Two major trade groups for insurers on Wednesday announced their opposition to the Graham-Cassidy bill that Senate Republicans hope to bring to the floor next week in a last-ditch attempt to repeal the Affordable Care Act, according to the New York Times. “The legislation reduces funding for many states significantly and would increase uncertainty in the marketplace, making coverage more expensive and jeopardizing Americans’ choice of health plans,” said Scott Serota, the president and CEO of the Blue Cross Blue Shield Association.
Andy Miller of Georgia Health News has put his paws on a study that says Georgia would get more money from the Graham-Cassidy bill than with previous Senate Republican repeal attempts, but could suffer from its impact in the long-term. A recent AJC breakdown by Ariel Hart and Tamar Hallerman can be found here.
Meanwhile, ABC's Jimmy Kimmel devoted yet another late-night monologue to the serious topic of health care and the Graham-Cassidy bill:
Atlanta Mayor Kasim Reed hesitated for a second or two when asked what he'll do to help persuade Amazon to locate its second headquarters - and about 50,000 jobs - in his city. The state's going to take the lead, he said, and Gov. Nathan Deal is a formidable closer.
Then he added: "I understand this moment and the city of Atlanta is going to do everything it can," he said. "We got to those wins by being modest, keeping our mouth shut and working quietly. That’s a formula that’s worked pretty well for us." Don't expect him to be a wallflower.
"I’m not just sitting over there dusting," he said. "We’re working on some things that are pretty big swan songs. This is my fourth quarter, and I’m going to play like it’s the fourth quarter." Amazon would be a mighty big swan song.
In related news, Secretary of State Brian Kemp has an op-ed in the Atlanta Business Chronicle on why Atlanta - er, Georgia - should be the "obvious" choice for the $5 billion expansion. This sentence is key:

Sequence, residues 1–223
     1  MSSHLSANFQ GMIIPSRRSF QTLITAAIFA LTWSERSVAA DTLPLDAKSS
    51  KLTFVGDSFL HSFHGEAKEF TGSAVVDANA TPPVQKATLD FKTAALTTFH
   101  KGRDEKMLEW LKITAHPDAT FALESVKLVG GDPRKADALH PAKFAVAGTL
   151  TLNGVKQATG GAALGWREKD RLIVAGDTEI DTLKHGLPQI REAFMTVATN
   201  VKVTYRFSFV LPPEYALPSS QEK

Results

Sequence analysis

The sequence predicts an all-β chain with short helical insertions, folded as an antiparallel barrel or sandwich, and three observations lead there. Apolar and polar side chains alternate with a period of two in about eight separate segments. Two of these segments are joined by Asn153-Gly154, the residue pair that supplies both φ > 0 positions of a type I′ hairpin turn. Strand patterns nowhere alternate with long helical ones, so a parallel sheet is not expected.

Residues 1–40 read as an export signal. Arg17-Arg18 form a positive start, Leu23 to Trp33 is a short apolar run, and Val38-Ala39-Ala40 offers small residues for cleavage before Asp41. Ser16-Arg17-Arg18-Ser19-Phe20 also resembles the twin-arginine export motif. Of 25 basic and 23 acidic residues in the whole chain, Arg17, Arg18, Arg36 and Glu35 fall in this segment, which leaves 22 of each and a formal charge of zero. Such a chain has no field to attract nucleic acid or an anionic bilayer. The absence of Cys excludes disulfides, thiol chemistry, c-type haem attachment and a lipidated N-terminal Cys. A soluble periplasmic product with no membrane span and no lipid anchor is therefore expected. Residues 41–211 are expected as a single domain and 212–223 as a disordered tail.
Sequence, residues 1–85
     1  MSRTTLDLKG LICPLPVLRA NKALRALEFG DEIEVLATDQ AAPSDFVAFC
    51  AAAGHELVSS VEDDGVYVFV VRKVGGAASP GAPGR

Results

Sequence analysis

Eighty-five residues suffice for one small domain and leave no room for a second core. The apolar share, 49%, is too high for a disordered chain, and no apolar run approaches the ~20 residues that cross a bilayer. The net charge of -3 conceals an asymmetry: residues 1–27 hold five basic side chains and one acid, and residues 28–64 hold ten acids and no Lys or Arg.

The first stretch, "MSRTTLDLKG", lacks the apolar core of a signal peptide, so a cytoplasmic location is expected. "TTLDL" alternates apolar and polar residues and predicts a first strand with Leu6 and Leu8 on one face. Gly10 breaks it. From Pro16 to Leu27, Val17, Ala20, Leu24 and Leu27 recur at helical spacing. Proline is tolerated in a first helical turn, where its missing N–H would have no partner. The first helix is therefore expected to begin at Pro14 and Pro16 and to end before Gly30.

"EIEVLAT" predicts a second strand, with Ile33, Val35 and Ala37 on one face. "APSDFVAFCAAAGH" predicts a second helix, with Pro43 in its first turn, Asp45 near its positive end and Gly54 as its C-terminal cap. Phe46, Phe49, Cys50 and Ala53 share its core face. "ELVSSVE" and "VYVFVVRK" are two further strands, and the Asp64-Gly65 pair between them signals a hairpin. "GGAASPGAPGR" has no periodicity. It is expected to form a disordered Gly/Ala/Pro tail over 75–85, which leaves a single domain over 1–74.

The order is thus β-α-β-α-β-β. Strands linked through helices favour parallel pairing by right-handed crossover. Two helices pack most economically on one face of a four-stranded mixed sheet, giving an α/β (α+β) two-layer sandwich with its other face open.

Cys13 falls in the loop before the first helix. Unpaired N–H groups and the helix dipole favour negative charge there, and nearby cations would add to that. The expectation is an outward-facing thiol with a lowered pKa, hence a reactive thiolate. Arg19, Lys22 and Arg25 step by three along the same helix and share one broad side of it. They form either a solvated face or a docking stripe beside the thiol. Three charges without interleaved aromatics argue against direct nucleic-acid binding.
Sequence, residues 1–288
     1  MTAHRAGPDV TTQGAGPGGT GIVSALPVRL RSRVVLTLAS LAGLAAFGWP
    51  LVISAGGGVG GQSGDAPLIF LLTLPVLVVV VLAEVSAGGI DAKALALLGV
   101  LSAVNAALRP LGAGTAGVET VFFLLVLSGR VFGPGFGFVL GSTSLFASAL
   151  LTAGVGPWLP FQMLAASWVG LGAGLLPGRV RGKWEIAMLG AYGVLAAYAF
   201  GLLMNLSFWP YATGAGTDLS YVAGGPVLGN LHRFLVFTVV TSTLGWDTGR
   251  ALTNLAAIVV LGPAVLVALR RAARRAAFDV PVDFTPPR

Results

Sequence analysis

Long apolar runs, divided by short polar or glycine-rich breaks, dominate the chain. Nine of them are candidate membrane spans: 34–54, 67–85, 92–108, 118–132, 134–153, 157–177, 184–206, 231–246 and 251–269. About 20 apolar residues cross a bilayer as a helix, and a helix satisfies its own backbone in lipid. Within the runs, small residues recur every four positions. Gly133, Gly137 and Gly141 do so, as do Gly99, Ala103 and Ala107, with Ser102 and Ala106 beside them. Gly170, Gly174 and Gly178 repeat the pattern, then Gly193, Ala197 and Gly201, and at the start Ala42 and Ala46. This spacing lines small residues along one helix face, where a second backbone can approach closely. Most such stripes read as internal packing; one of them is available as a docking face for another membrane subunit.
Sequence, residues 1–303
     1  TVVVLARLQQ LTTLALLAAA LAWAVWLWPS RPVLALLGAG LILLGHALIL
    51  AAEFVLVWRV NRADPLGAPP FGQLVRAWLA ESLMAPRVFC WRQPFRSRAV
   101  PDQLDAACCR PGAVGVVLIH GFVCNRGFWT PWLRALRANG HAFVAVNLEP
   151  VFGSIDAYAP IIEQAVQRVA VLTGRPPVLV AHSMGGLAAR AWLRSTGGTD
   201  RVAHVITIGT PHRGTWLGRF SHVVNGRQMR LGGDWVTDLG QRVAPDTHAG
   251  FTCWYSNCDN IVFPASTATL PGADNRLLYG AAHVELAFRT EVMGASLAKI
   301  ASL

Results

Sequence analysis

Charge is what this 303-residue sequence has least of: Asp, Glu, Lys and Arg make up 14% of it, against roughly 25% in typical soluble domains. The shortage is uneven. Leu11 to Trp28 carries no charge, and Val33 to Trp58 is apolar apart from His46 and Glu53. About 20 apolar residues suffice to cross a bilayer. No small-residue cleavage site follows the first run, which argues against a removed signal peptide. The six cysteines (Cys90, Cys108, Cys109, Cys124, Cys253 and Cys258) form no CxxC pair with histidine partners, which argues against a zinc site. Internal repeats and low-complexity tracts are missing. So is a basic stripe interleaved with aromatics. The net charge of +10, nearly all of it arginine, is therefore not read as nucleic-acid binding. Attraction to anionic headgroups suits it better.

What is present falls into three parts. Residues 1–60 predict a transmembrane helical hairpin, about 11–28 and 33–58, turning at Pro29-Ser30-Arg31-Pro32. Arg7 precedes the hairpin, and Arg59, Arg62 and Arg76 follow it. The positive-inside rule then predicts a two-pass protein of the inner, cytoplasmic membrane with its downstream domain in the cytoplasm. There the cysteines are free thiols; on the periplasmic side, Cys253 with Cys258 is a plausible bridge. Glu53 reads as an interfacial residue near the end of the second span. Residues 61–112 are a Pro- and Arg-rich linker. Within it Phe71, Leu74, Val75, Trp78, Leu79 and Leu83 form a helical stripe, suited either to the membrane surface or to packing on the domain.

"By coupling a robust incentive package that benefits hardworking Georgians with a proven track record of pro-business government, Georgia can lure Amazon (and their 50,000 advertised jobs) without having to compromise her values or sell-out to the special interests."
Kemp has backed legal protections for conservative Christians who, out of religious conviction, would rather not do business with same-sex couples. Such legislation has proven to be a real turn-off in the dot.com world, in which Amazon is a big player.
Remember Tommy Hunter, the Gwinnett County commissioner who faced protests and reprimands after calling U.S. Rep. John Lewis a "racist pig?" He's holding a fundraiser next week for state Sen. Michael Williams, a Republican candidate for governor trying to position himself as the say-anything Donald Trump candidate in the race.
The two share the same political strategist, Seth Weathers, It comes weeks after Williams was on a PBS show about whether the U.S. was becoming more racist.
A former Cherokee County school board member and her political consultant-turned-husband have been resentenced to 60 days in jail and two years’ probation for falsely accusing the county school superintendent of trying to run them over with his car, according to Kristal Dixon of Patch.com.
Robert and Kelly Trim were convicted on felony counts in 2014. The state Court of Appeals determined the offenses were misdemeanors.
Secretary of State Brian Kemp’s office has set Nov. 7 special elections to fill the state House seats being vacated by Bruce Broadrick, R-Dalton, and Kiesha Waites, D-Atlanta. Broadrick resigned for health reasons. Waites has joined the race for chairmanship of the Fulton County Commission.